Adonis Diaries

Posts Tagged ‘Haganah

Israeli proposal to flatten Beirut in 2016: Done this August 4, 2020

At 6 pm, two conflagrations shook Beirut and demolished all of the port installations, neighboring streets 2 miles away, all buildings…

Half of public institutions located in the area, the central Electricity building, the Foreign minister., the hospitals around, about 5 of them., the sturdy wheat silos crumbled., newspaper dailies (Al Nahar), all the newly expensive and luxury high rises on this sea front..

So far, over 170 deaths and increasing and more than 6,000 injured and patients dispatched outside of Beirut for overflowing and for the poisonous environment due to the burning of 2, 750 tons of nitrate ammonium and other kinds of chemicals stored in the port hangard #12.

The latest news are that these highly flammable and detonating chemicals were stacked in the port since 2014 after requisitioning a Turkish ship that was transferring these chemicals from Georgia and was meant to stop in Beirut port and be discharged.

Why Beirut instead of Mozambique as the manifest declared?

Mind you that it was the US that built this nitrate of ammonium plant in Georgia.

Mind you that Hillary Clinton admitted that the US was highly involved in creating ISIS (Daesh) to occupy Mosul in Iraq. And all these Syrian insurgent factions since 2011 needed plenty of explosives.

A tsunami-kind of conflagration, red colored (color of depleted uranium/miniature atomic bomb detonation), that mushroomed in the sky like a small atomic bomb and advanced instantaneously inland and toward the sea at the speed of 750 m a second.

The hole that this conflagration left was 65 m deep. And generated a 4.3 earthquake scale.

A wide area of total devastation that remind people of picture of Dresden, Hiroshima, Nagasaki…

People vacating Beirut to higher and far regions in order Not to be affected by the dangerous chemical inhalation.

How Israel would have reacted if the port of Haifa experienced the same devastation? I bet more than half the injured Israelis would have died for lack of individual zeal to come to the rescue.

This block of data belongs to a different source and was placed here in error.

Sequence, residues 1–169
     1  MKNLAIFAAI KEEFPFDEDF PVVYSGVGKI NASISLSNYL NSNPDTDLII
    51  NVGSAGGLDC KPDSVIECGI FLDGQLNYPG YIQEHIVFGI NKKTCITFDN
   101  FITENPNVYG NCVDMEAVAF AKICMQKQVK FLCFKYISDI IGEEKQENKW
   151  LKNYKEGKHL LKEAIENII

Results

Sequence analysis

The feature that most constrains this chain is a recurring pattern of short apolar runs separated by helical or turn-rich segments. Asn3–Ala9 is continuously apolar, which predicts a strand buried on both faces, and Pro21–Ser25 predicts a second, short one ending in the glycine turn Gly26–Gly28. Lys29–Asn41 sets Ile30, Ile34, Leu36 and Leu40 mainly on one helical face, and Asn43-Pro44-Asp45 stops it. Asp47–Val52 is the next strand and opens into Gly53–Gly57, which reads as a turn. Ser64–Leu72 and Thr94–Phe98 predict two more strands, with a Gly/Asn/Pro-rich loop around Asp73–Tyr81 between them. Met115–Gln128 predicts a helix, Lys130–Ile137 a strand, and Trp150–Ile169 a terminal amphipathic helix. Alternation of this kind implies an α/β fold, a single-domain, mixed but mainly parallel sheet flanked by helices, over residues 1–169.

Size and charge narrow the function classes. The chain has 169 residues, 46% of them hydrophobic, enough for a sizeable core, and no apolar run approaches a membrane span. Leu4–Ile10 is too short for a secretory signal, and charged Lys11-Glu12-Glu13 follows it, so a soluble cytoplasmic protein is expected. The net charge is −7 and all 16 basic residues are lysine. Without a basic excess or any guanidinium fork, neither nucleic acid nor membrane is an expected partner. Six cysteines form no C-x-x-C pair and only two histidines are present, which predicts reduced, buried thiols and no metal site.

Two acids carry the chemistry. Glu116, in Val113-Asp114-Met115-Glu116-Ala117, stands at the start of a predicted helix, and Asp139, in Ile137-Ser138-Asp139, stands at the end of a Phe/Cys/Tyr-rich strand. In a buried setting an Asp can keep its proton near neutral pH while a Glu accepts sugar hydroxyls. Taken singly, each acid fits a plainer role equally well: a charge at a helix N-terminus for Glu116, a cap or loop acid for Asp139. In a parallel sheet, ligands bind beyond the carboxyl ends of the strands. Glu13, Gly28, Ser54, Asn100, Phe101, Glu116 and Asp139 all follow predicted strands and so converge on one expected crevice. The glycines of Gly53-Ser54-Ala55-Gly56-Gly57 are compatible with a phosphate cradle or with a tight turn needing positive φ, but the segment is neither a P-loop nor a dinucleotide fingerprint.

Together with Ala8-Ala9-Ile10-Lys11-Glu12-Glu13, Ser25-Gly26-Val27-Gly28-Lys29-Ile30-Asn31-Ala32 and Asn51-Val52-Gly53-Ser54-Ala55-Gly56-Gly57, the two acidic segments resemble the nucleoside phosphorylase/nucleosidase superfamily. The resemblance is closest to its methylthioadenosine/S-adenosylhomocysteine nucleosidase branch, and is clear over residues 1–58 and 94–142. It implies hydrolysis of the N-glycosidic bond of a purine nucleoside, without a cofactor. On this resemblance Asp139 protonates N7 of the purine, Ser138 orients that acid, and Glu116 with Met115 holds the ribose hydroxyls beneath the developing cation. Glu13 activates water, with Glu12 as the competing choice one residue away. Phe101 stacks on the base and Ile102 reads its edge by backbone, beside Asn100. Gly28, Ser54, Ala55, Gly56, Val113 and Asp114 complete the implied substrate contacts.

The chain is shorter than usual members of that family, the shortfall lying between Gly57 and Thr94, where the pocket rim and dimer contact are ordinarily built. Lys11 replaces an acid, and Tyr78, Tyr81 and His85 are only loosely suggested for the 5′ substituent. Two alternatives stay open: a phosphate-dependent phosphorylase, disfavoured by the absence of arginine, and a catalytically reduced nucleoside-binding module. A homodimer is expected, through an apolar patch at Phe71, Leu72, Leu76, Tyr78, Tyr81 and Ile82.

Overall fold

In Lebanon, minutes after the conflagration people were busy transferring the injured to the hospitals. 5 of the hospitals close to the seafront were totally devastated and the injured had to be transferred and hundreds were welcomed in Damascus.

Israel refuse to admit that it attacked the port with depleted uranium missiles, though Israel knew very well of these stored chemicals: Netanyahu mentioned two years ago that hangard #12 contained Hezbollah missiles, in preparation for this attack

Trump declared that Beirut was attacked, but was not precise. (Just the message that he doesn’t give a damn of Beirut and the Lebanese pseudo-citizens)

So far, most countries are proposing “humanitarian” and clinical aids to Lebanon and movable hospitals.

The question is: And what afterward?

The government resigned because more than 7 ministers sided with their sectarian militia leaders.

As usual, Lebanon is bound Not to have a working government.

What kinds of help and aid to this totally bankrupt pseudo State that treated the Lebanese as pseudo-citizens since “independence” in 1943?

Currently, the Lebanese high security command ordered the army to take full control of Beirut for 2 weeks.

I have seen a video of 10 bodies flying in the air after the second conflagration: they were the first fire fighters who arrived to the scene.

And this clean-handed government could Not confront the militia/mafia clan and had to resign.